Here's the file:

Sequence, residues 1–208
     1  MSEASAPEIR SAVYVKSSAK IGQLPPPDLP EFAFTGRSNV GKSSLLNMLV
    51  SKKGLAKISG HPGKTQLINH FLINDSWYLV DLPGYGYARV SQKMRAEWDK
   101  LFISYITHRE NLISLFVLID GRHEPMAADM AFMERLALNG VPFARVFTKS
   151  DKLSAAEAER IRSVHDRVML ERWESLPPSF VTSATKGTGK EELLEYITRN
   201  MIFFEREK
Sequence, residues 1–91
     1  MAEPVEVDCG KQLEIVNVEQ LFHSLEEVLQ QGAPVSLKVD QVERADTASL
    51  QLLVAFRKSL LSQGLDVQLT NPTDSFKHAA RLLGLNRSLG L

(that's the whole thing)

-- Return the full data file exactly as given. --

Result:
Sequence, residues 1–208
     1  MSEASAPEIR SAVYVKSSAK IGQLPPPDLP EFAFTGRSNV GKSSLLNMLV
    51  SKKGLAKISG HPGKTQLINH FLINDSWYLV DLPGYGYARV SQKMRAEWDK
   101  LFISYITHRE NLISLFVLID GRHEPMAADM AFMERLALNG VPFARVFTKS
   151  DKLSAAEAER IRSVHDRVML ERWESLPPSF VTSATKGTGK EELLEYITRN
   201  MIFFEREK
Sequence, residues 1–91
     1  MAEPVEVDCG KQLEIVNVEQ LFHSLEEVLQ QGAPVSLKVD QVERADTASL
    51  QLLVAFRKSL LSQGLDVQLT NPTDSFKHAA RLLGLNRSLG L